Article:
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Answer me this, smart guy: Kevin Baker’s got the questions.

A Place for Your Useless Knowledge

Move over karaoke—trivia events gain popularity in bars throughout the Capital Region

 By Nicole Klaas


 “The questions are hard this week. I think they’re hard, at least, and I’m probably the second smartest person on earth,” jokes Stephen Murray—just “Murray” to the crowd gathered for trivia night at Legends on Albany’s Lark Street last Wednesday night (May 23).

Murray is the newest addition to a team of trivia hosts affiliated with Albany Team Trivia, a Capital Region business that’s seen constant growth for at least a year now, as the popularity of trivia events spreads through the area and bar owners increasingly request the service.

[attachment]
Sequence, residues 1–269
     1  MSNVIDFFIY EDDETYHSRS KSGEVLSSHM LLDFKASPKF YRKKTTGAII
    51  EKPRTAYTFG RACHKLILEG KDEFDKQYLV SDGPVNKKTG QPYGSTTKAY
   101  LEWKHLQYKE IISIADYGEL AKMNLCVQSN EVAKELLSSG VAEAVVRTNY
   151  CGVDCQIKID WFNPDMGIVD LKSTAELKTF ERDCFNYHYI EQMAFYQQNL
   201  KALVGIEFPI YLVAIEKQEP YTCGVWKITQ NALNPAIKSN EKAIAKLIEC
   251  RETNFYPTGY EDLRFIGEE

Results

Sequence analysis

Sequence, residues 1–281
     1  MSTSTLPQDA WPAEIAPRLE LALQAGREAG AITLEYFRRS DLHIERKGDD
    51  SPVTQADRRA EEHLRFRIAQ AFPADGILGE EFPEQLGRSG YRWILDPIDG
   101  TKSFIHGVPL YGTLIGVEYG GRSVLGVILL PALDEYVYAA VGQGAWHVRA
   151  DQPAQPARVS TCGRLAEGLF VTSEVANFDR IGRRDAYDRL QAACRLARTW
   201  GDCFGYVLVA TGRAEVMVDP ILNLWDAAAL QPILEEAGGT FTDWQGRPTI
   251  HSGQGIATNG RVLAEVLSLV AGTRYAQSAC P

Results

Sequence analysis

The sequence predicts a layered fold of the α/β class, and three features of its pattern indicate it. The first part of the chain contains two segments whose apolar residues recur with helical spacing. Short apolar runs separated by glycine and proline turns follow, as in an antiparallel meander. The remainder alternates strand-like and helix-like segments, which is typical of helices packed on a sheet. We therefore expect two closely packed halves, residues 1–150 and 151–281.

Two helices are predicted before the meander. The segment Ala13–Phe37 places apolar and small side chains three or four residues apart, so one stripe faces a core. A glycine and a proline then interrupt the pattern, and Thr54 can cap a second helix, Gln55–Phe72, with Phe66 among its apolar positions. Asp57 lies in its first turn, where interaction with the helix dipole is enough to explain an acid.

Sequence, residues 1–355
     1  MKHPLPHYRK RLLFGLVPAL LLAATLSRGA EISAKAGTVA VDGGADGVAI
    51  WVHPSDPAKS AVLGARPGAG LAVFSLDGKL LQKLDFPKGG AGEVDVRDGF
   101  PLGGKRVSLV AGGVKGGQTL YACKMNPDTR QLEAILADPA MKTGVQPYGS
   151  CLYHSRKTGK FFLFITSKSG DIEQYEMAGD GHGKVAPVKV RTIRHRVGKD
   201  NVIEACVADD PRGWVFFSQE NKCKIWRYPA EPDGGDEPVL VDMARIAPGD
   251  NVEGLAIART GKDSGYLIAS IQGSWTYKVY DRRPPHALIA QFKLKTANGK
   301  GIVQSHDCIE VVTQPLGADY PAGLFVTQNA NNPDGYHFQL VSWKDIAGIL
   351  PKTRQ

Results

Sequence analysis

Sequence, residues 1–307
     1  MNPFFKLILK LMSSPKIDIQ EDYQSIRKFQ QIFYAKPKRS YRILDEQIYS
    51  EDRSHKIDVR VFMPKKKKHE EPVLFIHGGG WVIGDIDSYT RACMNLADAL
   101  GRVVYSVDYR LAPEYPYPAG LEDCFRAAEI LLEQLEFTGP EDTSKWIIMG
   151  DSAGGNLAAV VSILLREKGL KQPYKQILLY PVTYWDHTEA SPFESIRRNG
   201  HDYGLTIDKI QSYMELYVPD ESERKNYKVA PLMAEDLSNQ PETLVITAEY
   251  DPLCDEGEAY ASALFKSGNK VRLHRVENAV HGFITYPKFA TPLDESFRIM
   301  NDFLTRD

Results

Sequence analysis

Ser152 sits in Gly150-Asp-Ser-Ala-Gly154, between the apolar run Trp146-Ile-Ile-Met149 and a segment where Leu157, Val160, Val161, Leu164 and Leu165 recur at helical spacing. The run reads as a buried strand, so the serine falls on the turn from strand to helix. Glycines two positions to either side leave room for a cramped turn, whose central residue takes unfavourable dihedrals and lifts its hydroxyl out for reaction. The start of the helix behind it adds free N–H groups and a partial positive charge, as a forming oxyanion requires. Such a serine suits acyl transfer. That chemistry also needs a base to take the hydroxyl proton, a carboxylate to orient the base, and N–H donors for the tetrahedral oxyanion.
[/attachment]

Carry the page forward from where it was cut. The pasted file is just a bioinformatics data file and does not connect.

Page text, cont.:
Legends became an Albany Team Trivia venue a few months ago, and its trivia night quickly became a consistently popular event, with regulars returning week after week to test their knowledge on subjects ranging from history to sports and popular culture to politics—all in only 20 questions.

Tonight 12 teams are spread out on three of Legend’s four floors. There’s simply not enough room available for each team to congregate on the second floor, where Murray takes up his post. A microphone connects him with players on the floors above and below.

“Like we do every week, let’s begin with a social,” Murray announces, raising his voice to emphasize the word social. He holds up his pint glass, waits for others to do the same, and then adds, “Because the more you drink, the more confidence you have in your answers whether they’re right or wrong.”

The primarily college-aged crowd responds approvingly to Murray’s request, raising their glasses and bottles and indulging in a quick chug as they wait for the first question.